Comfort with ambiguity

Finally polished off “Emergence” by Stephen Johnson (another post on it here) – the last 30 pages have been lingering for about 2 weeks.

Johnson’s ideas continue to touch on themes I’ve been explaining to others for two years now. More recently, on why boomers continue to misunderstand their Gen Y cousins. Take for example, Johnson’s conclusions about what video games are doing to all of us (but Yers in particular):

The conventional wisdom about these kids (gen Yers) is that they’re more nimble at puzzle solving and more manually dexterous than the TV generation, and while there’s certainly some truth to that, I think we lose something important in stressing how talented this generation is with their joysticks. I think they have developed another skill, one that almost looks like patience: they are more tolerant of being out of control, more tolerant of that exploratory phase where rules don’t all make sense, and where few goals have been clearly defined. In other words, they are uniquely equipped the more oblique control system of emergence software (and, I might add, emergent systems more generally).

While the boomer vs. gen Y comparison is generally apt, l think even more than being generational this is class based. Emerging creative classers are not only comfortable with this exploratory phase, they actively need it. This is why the large bureaucracies (but not necessarily large organizations) struggle to attract and retain both the demographic and the class. They often force upon their workers too much structure, to much rigidity on the front end, evaporating the creative opportunities where we might imagine something better, bigger or more effective.

A note of caution too for those who think the financial collapse augers a new era of safety in large bureaucracies. Don’t fool yourself. It was the large bureaucracies of the banks and government regulators, working in tandem, that got us into this mess. While some creative classers may attempt to retreat to the safety of a large government or private sector institutions I suspect that many will do just the opposite. As bureaucracies become still more risk averse and controling their capacity to foster to new ideas and approaches will be that much more constrained. The “outside thinkers” will be in still greater demand.

2 thoughts on “Comfort with ambiguity

  1. Igniter

    The last bit on 'outside thinkers' reminds me of posts on edge competencies and the ability to work on the edges/frontiers. We're moving towards a new mode of organizing in a context that is increasingly instable. It seems like a the new 'security' has more to do with some sort of 'self-security' coming out of a comfort with our own, individual ability to make a unique and valuable contribution to the community and a comfort with providing that contribution wherever it is welcomed a opposed to within the same place or organization. An interesting part in that too is that some might argue that is a more indpendent/individualistic perspective – being self-dependent – but it is actually emerging from and requires and encourages an interdependent mindset.And I think you are right – this has more to do with a class – based on mindset – than it does with generations. It naturally happens though that younger generations are apt to work from this mindset as they are less subject to the older approaches that are now in flux – but it's not about the generation, it's about the underlying mindset.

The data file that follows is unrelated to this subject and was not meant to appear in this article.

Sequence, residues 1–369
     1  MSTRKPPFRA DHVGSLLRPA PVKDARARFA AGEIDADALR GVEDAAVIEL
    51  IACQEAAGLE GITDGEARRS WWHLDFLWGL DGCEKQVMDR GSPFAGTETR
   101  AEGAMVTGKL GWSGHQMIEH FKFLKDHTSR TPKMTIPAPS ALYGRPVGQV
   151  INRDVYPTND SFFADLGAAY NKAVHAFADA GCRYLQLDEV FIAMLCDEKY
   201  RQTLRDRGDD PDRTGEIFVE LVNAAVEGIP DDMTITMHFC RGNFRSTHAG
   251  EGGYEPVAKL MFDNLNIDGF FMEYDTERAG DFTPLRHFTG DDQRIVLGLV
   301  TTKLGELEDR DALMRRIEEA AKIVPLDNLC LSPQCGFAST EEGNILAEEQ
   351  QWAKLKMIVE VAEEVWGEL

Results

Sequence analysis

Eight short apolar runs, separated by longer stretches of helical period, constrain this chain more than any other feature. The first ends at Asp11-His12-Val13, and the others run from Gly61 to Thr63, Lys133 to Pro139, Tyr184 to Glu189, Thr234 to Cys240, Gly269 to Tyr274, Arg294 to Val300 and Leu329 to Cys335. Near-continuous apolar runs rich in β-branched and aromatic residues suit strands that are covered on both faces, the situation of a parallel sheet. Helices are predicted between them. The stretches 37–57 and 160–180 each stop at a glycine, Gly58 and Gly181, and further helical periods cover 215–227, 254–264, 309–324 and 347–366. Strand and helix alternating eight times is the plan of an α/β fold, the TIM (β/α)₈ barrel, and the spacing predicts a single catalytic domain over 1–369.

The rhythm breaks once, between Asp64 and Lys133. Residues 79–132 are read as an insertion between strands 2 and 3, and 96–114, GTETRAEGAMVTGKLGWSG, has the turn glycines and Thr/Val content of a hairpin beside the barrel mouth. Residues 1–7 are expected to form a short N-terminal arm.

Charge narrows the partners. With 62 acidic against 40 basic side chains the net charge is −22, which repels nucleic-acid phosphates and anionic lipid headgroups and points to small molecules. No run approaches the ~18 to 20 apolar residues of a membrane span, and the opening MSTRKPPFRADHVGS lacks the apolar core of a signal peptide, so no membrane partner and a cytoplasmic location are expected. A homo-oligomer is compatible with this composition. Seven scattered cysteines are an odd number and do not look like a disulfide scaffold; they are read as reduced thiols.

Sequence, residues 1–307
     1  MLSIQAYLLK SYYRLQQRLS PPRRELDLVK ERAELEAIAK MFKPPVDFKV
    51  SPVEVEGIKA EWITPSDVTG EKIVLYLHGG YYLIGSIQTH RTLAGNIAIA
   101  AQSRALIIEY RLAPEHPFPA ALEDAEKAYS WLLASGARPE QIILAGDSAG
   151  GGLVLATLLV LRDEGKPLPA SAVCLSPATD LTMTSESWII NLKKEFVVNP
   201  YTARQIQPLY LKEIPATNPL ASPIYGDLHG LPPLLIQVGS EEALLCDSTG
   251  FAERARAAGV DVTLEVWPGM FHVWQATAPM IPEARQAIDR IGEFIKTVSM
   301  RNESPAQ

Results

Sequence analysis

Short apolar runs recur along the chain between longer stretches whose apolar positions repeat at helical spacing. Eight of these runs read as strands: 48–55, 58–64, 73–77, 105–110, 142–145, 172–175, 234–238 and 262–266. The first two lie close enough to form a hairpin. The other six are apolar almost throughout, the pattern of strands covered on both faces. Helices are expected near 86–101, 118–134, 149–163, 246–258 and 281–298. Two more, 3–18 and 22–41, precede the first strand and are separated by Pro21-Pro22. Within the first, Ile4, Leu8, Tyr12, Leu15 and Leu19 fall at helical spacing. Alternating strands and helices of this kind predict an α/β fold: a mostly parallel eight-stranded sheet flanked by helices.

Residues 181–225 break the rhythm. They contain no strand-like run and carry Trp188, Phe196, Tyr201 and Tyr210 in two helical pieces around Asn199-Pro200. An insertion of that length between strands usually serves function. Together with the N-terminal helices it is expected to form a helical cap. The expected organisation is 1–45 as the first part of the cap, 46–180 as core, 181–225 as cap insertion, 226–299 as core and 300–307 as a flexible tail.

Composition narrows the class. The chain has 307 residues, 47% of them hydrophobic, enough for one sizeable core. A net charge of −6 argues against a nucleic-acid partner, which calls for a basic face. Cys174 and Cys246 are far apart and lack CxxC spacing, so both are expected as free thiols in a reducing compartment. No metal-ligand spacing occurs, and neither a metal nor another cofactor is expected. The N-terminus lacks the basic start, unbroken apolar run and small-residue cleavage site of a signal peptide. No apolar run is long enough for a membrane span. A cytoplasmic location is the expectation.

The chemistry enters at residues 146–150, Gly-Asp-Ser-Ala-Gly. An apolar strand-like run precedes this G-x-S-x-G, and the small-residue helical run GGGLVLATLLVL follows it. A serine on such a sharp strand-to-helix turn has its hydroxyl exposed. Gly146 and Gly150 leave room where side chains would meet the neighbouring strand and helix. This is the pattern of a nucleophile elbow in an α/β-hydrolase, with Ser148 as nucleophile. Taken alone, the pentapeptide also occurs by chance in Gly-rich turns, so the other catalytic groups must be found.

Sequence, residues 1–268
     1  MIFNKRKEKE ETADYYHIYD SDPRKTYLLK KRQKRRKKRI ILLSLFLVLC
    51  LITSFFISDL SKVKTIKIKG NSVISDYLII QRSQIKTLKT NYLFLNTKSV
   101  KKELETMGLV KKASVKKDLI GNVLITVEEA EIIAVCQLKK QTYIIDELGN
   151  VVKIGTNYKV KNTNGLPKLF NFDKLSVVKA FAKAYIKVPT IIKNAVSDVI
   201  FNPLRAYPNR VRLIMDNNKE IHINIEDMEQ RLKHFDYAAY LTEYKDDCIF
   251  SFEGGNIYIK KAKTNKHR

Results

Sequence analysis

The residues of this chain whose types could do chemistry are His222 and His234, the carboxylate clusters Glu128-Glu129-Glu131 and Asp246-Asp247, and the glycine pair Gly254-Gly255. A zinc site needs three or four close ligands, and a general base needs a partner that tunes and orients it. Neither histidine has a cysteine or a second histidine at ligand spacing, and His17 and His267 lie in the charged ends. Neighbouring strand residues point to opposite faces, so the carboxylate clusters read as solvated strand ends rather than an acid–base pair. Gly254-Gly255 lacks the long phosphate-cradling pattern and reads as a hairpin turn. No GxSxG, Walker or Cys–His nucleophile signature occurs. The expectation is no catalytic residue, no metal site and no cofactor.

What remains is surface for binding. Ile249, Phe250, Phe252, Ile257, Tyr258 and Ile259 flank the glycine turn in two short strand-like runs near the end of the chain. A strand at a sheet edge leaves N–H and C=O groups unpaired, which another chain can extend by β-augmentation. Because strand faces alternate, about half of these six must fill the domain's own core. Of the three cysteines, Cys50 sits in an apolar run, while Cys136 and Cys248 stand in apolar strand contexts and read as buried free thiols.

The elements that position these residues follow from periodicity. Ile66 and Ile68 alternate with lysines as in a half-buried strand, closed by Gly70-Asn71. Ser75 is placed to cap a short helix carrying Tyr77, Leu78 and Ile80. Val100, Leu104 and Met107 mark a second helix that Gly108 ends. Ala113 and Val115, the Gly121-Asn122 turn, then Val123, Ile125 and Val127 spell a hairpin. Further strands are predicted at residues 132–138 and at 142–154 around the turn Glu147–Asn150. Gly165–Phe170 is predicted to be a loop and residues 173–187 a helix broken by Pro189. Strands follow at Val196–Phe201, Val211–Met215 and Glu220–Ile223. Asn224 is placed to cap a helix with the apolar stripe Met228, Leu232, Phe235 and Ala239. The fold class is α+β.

Reply
  2. Igniter

    The last bit on 'outside thinkers' reminds me of posts on edge competencies and the ability to work on the edges/frontiers. We're moving towards a new mode of organizing in a context that is increasingly instable. It seems like a the new 'security' has more to do with some sort of 'self-security' coming out of a comfort with our own, individual ability to make a unique and valuable contribution to the community and a comfort with providing that contribution wherever it is welcomed a opposed to within the same place or organization. An interesting part in that too is that some might argue that is a more indpendent/individualistic perspective – being self-dependent – but it is actually emerging from and requires and encourages an interdependent mindset.And I think you are right – this has more to do with a class – based on mindset – than it does with generations. It naturally happens though that younger generations are apt to work from this mindset as they are less subject to the older approaches that are now in flux – but it's not about the generation, it's about the underlying mindset.

    Reply

Leave a Reply

Fill in your details below or click an icon to log in:

WordPress.com Logo

You are commenting using your WordPress.com account. Log Out / Change )

Twitter picture

You are commenting using your Twitter account. Log Out / Change )

Facebook photo

You are commenting using your Facebook account. Log Out / Change )

Google+ photo

You are commenting using your Google+ account. Log Out / Change )

Connecting to %s